When the original “Scrambled States of America” was published in 2002, it really caught on. Attaining a crossover appeal that is rare for any book, it wasn’t long before you could put together the “Scrambled States” puzzle, or play the “Scrambled States” game. All this happened for good reason: Laurie Keller combined humor, quirky illustrations, and some certified geography learnin’ to create a riot of a book that kids will be reading for a long time. It also worked on two levels – the story was good for read aloud time, yet the margins were bursting with witty asides that young readers would have to enjoy when they could hold the book in their own hands. “Scrambled States of America Talent Show” continues to keep the entertainment level high. This time out, the geography takes a bit of a back seat, but the humor is present in spades. If you want to prove to a youngster that reading can be fun, put this in their book in their hands.
In children’s books, a enticing opening is as good as gold. “Talent Show” begins with Uncle Sam, sweeping up the floor when he is interrupted by Tennessee and Wisconsin…
Hello there. I’m Sam. Please pardon the mess. We’re just cleaning up after the big-
Wait, Uncle Sam! Don’t spoil it!
You have to start from the beginning!
Oh, I suppose you’re right, you two.
Well, okeydokey then, take your seats everyone. It’s showtime!
On the next page we see all the states, about to doze off for the night, when New York is struck by and idea. Talent show. The other states are quick to jump on the bandwagon – except for Georgia, who has a case of stage fright. The show begins, and the states start parading their talents. Michigan’s lower peninsula does a ventriloquist act with the upper peninsula, Minnesota saws South Dakota in half, and Wyoming and Tennessee do a spot on impression of Oklahoma. Toward the end of the show Georgia overcomes her fears in time to perform with California, Idaho, and the rest of the Jolly Jugglers in the final act.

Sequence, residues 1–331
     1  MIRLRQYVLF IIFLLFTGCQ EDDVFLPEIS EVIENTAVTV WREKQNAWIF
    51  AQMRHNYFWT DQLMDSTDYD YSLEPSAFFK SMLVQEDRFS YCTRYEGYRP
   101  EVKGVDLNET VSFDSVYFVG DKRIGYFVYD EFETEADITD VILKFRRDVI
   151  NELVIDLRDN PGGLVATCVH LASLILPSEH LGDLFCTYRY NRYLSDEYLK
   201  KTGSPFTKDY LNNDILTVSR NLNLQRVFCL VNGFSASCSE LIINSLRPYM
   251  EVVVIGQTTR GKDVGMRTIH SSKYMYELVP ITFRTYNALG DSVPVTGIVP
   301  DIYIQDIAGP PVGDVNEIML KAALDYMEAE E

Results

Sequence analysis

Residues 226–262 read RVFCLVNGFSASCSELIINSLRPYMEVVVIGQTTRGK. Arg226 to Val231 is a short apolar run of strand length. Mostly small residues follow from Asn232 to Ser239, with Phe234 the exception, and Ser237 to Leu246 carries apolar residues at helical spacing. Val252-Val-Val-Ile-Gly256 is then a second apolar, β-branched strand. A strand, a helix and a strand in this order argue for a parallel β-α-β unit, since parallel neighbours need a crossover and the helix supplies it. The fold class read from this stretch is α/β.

In the original “States”, the geography knowledge was slightly more front and center. The states wanted to switch places, but ran into problems with the weather or environment in their new location. In “Talent Show”, it’s more of an out and out good time, with lists of the state abbreviations and statehood dates residing on the endpapers to beef up the social studies quotient.
The acrylic and collage illustrations have a handmade quality that adds personality to the characters. I’ve never before seen coffee and M&Ms credited as assisting the illustrating process, but credited they are, giving you an idea of the kind of jokes contained within the rest of the story. Fonts are also used well. Keller employs a number of different styles, each used to emphasize a different mood, sound, or voice.
“The Scrambled States of America Talent Show” will make young readers smile. A thing any kid can appreciate.
Find this book at your local library with WorldCat.